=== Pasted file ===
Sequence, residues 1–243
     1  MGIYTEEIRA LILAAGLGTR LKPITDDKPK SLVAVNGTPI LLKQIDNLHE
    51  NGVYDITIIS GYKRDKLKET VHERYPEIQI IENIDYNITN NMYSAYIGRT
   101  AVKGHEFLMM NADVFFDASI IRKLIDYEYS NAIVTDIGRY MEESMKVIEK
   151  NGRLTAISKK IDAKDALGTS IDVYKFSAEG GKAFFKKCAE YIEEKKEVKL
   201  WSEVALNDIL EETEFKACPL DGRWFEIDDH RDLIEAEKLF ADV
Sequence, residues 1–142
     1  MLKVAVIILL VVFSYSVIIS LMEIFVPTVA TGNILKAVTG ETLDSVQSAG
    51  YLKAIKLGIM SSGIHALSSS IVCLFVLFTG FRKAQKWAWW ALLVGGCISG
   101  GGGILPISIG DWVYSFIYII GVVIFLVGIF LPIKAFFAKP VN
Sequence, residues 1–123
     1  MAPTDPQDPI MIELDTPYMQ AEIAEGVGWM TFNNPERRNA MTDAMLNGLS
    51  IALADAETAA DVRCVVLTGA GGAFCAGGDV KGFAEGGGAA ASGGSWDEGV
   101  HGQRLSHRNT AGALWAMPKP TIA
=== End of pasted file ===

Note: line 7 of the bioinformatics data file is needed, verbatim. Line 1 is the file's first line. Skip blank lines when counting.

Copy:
Sequence, residues 1–142